JOSE 2008 involved a scenario where a very large crude carrier (VLCC), ‘Moon Shadow’ (299,999 dwt), carrying 290,000 tons of light crude oil, was hit by an oil tanker MT (motor tanker), ‘Sun Explorer’ (8,722 dwt), carrying 7,700 tons of marine fuel oil. At that time, the VLCC was leaving the traffic separation scheme to discharge its cargo at Shell SBM. After the collision, the VLCC suffered severe damage to two of its cargo tanks containing 32,310 tons of crude each, while the oil tanker’s bow was damaged. The VLCC leaked around 8,000 tons of crude into the sea, causing potential threat to the environment. The ship master of the VLCC immediately reported the incident to MPA’s Marine Safety Control Centre and requested assistance.
The first response craft arrived within 30 minutes. This was immediately followed by a Hercules aircraft equipped with an aerial spray system, introduced this year to provide a swift and efficient response to a large spill with higher treatment rate than previous exercises. This is in addition to the sprays from dispersant boats and oil containment booms deployed around the VLCC as well as further downstream.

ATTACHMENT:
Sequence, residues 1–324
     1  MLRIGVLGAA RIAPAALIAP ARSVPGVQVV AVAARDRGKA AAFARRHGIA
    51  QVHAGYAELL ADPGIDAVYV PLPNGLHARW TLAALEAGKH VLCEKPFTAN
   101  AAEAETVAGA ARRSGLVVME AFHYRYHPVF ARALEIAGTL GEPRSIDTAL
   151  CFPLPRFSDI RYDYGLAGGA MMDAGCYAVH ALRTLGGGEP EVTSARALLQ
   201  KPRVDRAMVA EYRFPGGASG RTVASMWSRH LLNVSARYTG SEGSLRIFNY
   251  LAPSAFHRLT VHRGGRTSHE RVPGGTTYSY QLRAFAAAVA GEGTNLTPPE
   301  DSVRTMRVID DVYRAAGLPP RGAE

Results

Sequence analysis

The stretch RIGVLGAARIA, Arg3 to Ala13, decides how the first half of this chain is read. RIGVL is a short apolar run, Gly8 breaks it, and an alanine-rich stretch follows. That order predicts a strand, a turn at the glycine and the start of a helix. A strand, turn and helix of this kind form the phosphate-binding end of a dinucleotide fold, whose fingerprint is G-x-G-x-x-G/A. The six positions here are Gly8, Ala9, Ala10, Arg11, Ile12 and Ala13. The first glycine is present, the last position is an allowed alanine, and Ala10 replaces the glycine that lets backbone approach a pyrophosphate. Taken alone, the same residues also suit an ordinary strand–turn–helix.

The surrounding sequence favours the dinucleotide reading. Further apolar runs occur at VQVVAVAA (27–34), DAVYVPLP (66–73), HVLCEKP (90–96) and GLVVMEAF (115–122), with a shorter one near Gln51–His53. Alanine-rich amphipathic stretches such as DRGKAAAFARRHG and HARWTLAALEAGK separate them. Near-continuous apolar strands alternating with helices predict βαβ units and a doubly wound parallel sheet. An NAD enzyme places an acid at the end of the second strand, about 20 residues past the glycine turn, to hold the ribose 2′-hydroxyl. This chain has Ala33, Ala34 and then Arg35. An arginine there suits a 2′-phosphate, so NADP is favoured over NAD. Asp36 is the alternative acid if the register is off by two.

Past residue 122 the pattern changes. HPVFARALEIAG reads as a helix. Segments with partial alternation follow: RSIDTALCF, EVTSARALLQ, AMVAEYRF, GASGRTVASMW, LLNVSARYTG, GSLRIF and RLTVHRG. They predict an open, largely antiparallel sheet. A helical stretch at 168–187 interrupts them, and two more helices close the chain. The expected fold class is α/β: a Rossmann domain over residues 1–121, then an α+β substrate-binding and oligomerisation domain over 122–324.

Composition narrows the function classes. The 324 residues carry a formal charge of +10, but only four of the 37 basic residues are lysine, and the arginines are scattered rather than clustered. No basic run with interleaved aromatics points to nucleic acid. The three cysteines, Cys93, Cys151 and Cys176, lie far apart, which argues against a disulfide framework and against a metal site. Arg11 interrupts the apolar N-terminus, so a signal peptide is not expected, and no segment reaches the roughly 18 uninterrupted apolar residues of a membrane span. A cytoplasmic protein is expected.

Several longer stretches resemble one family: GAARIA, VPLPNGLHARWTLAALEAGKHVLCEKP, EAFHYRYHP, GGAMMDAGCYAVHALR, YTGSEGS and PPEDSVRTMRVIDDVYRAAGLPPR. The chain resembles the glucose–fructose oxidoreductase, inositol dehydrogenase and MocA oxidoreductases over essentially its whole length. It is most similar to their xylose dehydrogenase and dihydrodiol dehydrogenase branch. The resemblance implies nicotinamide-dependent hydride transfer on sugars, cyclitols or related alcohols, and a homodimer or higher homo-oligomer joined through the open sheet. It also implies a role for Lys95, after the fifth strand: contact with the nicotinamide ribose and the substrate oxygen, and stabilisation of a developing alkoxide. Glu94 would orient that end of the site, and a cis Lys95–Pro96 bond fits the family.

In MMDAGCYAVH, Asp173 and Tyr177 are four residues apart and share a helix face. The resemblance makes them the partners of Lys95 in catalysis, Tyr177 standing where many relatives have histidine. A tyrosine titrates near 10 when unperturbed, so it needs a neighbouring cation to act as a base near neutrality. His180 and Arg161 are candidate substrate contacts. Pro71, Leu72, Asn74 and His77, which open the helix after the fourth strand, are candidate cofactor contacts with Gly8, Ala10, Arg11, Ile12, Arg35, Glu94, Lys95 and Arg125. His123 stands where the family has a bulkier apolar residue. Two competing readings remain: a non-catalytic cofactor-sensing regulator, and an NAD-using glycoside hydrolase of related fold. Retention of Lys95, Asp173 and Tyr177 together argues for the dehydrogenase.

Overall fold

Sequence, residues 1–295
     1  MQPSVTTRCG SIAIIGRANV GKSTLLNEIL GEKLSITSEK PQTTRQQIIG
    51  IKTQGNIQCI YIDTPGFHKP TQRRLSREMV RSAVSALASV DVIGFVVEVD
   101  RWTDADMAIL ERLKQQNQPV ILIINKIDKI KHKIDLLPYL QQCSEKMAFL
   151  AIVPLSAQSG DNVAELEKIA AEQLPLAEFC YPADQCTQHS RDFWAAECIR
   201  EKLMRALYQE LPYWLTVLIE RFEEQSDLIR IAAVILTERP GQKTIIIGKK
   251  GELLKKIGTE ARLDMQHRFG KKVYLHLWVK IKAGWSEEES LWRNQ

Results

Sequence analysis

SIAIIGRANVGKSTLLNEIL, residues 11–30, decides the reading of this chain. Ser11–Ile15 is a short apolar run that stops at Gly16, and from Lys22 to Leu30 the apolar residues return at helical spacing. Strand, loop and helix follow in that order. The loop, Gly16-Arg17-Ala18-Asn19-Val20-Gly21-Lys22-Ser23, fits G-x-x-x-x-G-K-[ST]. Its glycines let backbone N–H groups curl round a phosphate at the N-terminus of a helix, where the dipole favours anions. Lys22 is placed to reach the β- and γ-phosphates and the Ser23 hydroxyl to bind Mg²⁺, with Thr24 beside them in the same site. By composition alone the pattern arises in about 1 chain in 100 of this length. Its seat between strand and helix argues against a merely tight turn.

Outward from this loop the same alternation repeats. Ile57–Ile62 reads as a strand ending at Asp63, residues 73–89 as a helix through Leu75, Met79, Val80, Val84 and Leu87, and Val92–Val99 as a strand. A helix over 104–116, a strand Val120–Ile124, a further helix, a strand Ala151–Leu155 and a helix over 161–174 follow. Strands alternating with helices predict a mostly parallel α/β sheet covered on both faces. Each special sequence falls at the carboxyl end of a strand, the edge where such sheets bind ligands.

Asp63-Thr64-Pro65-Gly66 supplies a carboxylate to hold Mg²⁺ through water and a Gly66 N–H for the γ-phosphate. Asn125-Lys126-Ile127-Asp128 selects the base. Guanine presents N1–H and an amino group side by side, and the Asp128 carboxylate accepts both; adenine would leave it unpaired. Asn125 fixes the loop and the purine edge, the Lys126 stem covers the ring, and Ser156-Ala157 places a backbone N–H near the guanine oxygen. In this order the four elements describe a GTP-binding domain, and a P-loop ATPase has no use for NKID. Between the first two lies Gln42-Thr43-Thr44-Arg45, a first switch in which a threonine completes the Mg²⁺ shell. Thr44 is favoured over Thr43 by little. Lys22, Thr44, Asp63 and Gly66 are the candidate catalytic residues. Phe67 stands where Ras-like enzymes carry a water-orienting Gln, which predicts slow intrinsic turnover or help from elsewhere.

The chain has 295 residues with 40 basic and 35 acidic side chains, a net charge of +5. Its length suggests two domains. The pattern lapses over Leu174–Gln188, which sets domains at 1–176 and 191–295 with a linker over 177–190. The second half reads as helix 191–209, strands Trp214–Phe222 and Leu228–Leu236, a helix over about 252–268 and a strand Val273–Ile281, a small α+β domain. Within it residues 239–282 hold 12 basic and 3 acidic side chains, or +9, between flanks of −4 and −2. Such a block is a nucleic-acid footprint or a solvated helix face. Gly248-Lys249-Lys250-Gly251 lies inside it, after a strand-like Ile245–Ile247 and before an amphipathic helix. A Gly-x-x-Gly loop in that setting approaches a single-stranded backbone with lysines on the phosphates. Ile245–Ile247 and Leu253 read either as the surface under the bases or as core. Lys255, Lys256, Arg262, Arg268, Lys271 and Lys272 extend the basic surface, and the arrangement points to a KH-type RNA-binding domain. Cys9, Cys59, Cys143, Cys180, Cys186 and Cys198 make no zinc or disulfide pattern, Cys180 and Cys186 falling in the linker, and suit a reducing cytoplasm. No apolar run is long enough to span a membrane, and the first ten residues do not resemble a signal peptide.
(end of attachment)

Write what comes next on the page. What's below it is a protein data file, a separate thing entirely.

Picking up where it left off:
JOSE 2008 saw close cooperation among MPA, Shell Eastern Petroleum Pte Ltd, the Singapore Armed Forces (SAF), the Police Coast Guard (PCG), the Agri-Food Veterinary Authority of Singapore (AVA), the National Environment Agency (NEA), the National Parks Board, oil spill response companies, and six oil terminals. The exercise was observed by international participants of the Singapore International Bunkering Conference (SIBCON 2008), held from 15 to 17 October, at Shangri-La Hotel.
JOSE 2008 also involved a tabletop incident management exercise at MPA’s Port Operations Control Centre 2 (POCC2) at PSA Vista. The aircraft used at the exercise was sponsored by Shell Eastern Petroleum Pte Ltd, ExxonMobil Marine Fuels, Prosper Marine Service Pte Ltd and Oil Spill Response and East Asia Response Limited (OSRLEARL).
In this exercise, no crew member was injured. Both ships were also not in danger of sinking. The VLCC dropped anchor inside the port, while the oil tanker proceeded to Raffles Reserved Anchorage.